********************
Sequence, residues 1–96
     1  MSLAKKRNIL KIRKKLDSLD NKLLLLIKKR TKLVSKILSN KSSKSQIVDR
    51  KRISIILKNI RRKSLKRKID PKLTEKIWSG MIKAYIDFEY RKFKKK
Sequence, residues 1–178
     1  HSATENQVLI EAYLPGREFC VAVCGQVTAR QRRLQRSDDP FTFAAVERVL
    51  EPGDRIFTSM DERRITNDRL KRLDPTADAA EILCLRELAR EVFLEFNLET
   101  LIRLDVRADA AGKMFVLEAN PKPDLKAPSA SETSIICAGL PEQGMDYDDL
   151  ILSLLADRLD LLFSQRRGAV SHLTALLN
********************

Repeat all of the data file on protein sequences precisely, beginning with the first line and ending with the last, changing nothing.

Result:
Sequence, residues 1–96
     1  MSLAKKRNIL KIRKKLDSLD NKLLLLIKKR TKLVSKILSN KSSKSQIVDR
    51  KRISIILKNI RRKSLKRKID PKLTEKIWSG MIKAYIDFEY RKFKKK
Sequence, residues 1–178
     1  HSATENQVLI EAYLPGREFC VAVCGQVTAR QRRLQRSDDP FTFAAVERVL
    51  EPGDRIFTSM DERRITNDRL KRLDPTADAA EILCLRELAR EVFLEFNLET
   101  LIRLDVRADA AGKMFVLEAN PKPDLKAPSA SETSIICAGL PEQGMDYDDL
   151  ILSLLADRLD LLFSQRRGAV SHLTALLN